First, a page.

- Meglitinide, which stimulate the pancreas to produce more insulin but are fast-acting. (Brand names [generics]: Prandin [replaglinide], Starlix [nateglinide])
    - Alpha Glucosidase Inhibitors, which prevent the digestive system from absorbing glucose. (Brand names [generics]: Precose [acarbose], Glyset [miglitol])
    - Insulin, which helps the cells use glucose. There are several types of insulin, from rapid-acting to long-acting. Insulin can be taken with a syringe, pen, or pump.

    Be aware that new blood glucose-lowering medications are approved by the U.S. Food and Drug Administration from time to time. These medicines may be a new drug in an existing category or may represent a new category of medications.

  • Eating Well

    2. Healthful Meal Plan: Making healthy food choices and eating nutritious meals is necessary to maintain good control of glucose, along with cholesterol and blood pressure. To manage diabetes and prevent complications, a healthful eating plan should be rich in dietary fiber, whole grains, fresh fruits, low-fat dairy, and vegetables, plus it should be low in saturated and trans fats. Speak with a registered dietitian to help set goals to slowly change unhealthy eating habits.

  • Maintaining a Healthy Weight

    3. Weight Loss: Some people, particularly in the first few years of having type 2 diabetes, can improve their diabetes control by losing about 5-7 percent of their starting body weight. In addition, weight loss -- particularly around the abdomen -- can improve the body's response to insulin. This is known as improved insulin sensitivity. Maintaining a healthy weight may also help reduce the risk of diabetes-related complications, such as heart disease and high blood pressure.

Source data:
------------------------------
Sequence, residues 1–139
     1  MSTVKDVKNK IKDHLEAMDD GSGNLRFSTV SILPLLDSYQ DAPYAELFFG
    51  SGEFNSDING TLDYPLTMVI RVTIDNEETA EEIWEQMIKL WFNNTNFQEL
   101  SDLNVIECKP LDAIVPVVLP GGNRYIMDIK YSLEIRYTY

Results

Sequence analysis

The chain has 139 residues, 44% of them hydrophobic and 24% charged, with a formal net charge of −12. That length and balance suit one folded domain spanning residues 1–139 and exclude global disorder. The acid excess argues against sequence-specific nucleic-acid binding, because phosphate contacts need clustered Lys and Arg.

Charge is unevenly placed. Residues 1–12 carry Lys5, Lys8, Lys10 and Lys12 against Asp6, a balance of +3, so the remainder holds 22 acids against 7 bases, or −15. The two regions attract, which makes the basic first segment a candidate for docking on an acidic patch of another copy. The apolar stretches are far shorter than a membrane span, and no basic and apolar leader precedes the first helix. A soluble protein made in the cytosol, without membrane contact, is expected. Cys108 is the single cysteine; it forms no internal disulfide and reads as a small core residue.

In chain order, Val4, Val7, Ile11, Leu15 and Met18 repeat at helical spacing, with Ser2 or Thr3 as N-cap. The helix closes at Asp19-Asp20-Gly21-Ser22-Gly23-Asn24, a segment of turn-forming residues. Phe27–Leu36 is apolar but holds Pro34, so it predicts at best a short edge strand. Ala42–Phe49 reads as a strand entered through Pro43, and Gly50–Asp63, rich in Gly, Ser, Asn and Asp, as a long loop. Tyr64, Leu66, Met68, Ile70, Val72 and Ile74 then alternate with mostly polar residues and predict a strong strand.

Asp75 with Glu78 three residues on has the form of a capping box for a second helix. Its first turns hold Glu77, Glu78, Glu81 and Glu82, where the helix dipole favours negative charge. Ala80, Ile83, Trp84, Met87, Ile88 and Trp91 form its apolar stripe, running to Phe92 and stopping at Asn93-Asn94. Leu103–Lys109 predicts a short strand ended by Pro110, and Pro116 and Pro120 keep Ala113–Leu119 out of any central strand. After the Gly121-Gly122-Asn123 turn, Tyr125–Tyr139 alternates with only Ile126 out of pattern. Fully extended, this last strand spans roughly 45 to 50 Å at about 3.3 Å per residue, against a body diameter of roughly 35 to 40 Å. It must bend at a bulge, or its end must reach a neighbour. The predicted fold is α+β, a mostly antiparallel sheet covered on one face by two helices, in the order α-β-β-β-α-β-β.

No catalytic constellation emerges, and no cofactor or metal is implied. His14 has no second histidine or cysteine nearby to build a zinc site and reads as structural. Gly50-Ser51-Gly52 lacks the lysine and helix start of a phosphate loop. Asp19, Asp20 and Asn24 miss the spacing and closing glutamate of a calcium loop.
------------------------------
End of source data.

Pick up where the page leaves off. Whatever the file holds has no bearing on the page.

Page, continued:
• Being Physically Active

    4. Physical Activity: Exercise can help reduce blood sugar levels, improve insulin resistance, improve cholesterol, and decrease high blood pressure. In addition, moving more can help achieve and maintain a healthy weight.

  • Tracking Blood Glucose Levels

    5. Monitoring Your Progress: Keeping track of glucose levels by checking your blood sugar with a glucose monitor can help you learn about the ups (high blood sugar, or hyperglycemia) and downs (low blood sugar, or hypoglycemia) of your blood glucose and how well your medications, activity level, and food choices are working to control blood sugar levels.

  • Preventing Type 2 Diabetes

    Type 2 diabetes is a progressive disease. By the time type 2 is diagnosed, people have lost half or more of their ability to supply the body with a sufficient amount of their own insulin. They also have significant insulin resistance. If you are at risk or have been told you have prediabetes, take action now. There are steps you can take to help prevent or delay the onset of type 2 diabetes, including:

    Achieve and maintain a healthy weight: Talk with your health care provider about reaching a healthy weight for you. Studies have shown that losing 5-7 percent of your body weight (a 10- to 14-pound weight loss for a 200-pound person) can prevent or delay prediabetes from progressing to type 2.

    Know your risk for prediabetes: Talk with your health care provider about how frequently you should be checked for type 2 diabetes. Mention any diabetes symptoms you may be experiencing.

    Become more physically active: Increasing your activity level improves your body's sensitivity to the insulin you make. It also helps control blood sugar and helps with weight control.

    Eat healthfully: To maintain a healthy weight, enjoy nutritious food choices. That means fruits and vegetables, whole grains, low-fat dairy foods, lean protein, and plenty of dietary fiber. Limit the amount of foods and beverages with added sugars and lots of fat. Those foods will be high in calories.

    10 Ways to Stay Positive After Being Diagnosed with Diabetes